Not necessarily. But i do think there needs to be an overall shift to public transportation or biking. We can’t force people to rethink their morning commute, by themselves, in their SUV; if they don’t understand the ramifications of their actions by now, we can’t make them. What they will understand though, are fines. We really need to start imposing fines on single commuters, uping the benefits of car-pooling, and installing more bike-friendly areas. A change won’t happen immediately, and the government certainly can’t get too parental or there would be an uproar, but gradual changes would cut back on the amount of cars in city centers. And yes, I think there need to be less.
In an ideal world, I think removing cars from city centers would actually be a really cool idea. If there was plenty of public transportation in place and streets were opened up for biking, skating, walking, and other forms of non-car transportation, it would really change the face of the city. If citizens were open to the idea, attitudes might even begin to change about walking and biking, and people would walk further, as has been the cultural norm historically. People would also become more active and healthier as they propelled themselves places. I know it may not be a practical idea, and is prohibitive for people who have disabilities, the very young, the very old, and others who may not be able to be as mobile as a healthy adult. If public transportation could be put in place to help abate these issues and make getting long distances between points in the city easier, I think it would actually be a pretty neat idea.
In practice, banning cars from city centers wouldn’t work in our current environment. Many people rely on their cars to commute to work, and American public transportation isn’t built to withstand a giant shift from using cars. Fewer people use cars in Europe than in America, giving Europe a better public transportation system. If we want to take steps to ban cars from city centers, we need to improve alternate transportation problems. That means expanding public transportation networks, improving security standards, and making walkways and bike paths more accessible. So, while easing our reliance on cars is a great idea, it requires a lot of time and preparation.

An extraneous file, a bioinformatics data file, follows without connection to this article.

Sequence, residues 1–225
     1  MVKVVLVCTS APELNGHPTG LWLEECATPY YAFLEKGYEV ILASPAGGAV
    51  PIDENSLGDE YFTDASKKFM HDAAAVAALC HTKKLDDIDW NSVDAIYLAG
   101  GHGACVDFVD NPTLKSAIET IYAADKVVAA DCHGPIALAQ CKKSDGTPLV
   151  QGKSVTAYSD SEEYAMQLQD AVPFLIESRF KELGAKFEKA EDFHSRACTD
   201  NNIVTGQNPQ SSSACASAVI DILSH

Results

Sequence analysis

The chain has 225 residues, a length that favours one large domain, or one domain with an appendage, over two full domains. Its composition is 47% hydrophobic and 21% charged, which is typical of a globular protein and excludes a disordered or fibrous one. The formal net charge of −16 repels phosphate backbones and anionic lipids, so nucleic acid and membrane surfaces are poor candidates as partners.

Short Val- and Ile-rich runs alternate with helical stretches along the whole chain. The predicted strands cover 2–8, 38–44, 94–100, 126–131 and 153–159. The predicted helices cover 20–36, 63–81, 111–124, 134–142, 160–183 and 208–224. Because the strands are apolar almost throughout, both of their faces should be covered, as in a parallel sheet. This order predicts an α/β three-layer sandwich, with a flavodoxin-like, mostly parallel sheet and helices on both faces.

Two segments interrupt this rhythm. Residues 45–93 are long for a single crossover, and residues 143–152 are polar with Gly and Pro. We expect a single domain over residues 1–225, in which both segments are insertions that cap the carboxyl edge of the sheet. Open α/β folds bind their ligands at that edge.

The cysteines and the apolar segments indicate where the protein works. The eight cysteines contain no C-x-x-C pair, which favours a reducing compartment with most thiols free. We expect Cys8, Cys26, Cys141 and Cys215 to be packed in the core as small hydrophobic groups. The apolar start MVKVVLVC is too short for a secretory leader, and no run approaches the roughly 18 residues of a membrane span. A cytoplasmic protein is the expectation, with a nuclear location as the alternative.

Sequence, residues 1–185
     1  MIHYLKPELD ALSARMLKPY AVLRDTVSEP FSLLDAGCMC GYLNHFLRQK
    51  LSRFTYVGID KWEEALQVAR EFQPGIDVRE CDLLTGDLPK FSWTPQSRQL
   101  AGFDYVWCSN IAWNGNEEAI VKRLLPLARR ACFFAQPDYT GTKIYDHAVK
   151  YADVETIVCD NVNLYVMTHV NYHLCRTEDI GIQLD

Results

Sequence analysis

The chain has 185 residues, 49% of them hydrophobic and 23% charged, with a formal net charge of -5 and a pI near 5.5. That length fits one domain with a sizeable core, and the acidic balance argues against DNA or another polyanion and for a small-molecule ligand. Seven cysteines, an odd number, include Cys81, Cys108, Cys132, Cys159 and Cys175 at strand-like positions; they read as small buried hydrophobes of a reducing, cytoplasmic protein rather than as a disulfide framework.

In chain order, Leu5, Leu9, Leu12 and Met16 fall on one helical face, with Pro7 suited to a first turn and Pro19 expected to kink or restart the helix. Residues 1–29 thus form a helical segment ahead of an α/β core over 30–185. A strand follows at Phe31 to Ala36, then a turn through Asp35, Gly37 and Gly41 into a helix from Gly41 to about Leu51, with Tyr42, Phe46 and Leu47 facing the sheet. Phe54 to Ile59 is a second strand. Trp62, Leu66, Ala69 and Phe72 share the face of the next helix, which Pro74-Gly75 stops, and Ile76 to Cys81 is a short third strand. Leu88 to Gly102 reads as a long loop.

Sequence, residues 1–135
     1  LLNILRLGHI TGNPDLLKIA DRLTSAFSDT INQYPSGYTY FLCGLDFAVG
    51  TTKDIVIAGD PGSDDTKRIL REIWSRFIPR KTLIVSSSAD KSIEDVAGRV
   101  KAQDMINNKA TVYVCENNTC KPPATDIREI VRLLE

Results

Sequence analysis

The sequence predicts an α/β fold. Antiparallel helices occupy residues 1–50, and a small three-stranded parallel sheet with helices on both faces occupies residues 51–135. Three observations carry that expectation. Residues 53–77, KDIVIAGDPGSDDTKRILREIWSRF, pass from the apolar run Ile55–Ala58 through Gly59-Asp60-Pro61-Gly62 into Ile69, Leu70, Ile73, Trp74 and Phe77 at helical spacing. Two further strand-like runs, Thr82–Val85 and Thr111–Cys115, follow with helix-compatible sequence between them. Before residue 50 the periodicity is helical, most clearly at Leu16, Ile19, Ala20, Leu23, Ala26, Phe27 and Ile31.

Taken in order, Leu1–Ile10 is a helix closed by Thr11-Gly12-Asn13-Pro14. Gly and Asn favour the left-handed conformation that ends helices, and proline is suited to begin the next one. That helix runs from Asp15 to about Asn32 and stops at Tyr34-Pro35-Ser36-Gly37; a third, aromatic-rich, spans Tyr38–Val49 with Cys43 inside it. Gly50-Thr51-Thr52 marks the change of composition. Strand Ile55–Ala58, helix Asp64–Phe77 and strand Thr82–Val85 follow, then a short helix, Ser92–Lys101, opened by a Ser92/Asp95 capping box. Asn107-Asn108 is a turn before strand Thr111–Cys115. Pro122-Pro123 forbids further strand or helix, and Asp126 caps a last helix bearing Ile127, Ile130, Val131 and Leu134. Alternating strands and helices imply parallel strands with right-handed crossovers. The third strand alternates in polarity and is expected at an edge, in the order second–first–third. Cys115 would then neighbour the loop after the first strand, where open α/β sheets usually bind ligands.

I do, but I doubt it is practical at the moment, given that drivers freak out over bike lanes, let alone denying them the road. I think there’d need to be big parking garages outside the city–kind of like going to the mall. I really object to the American belief that driving is a right–it is a privilege, and maybe a luxury.
I think it depends a great deal on the public transportation available and the degree to which congestion is an issue in the city (though perhaps “city center” and “congestion” are inherently linked). If there is affordable, efficient, timely and effective public transportation available, perhaps over time cars could be phased out. A good intermediary step between full banning and no action is charging a congestion tax or charge whenever a car enters the city center (much like a toll booth). London currently has such a charge, and it’s helped both to reduce traffic in the city center, and has raised 148 million pounds in 2009 alone, to be re-invested in London’s public transportation.
Perhaps banning all cars from downtown areas is unrealistic in the near future, but the city of Paris is implementing an interesting strategy to improve urban air quality. High-consumption vehicles will no longer be allowed in city centers, following a trend seen in other European cities of limiting vehicular access to downtown areas. Paris would be the first city to ban certain vehicles altogether, but as a Parisian mayoral official said, “I’m sorry, but having a sport utility vehicle in a city makes no sense.”
Perhaps this is a more practical, incremental approach the U.S. could try in order to promote greener transportation choices. The other suggestions for taxing (or imposing tolls on) vehicles seem feasible too.
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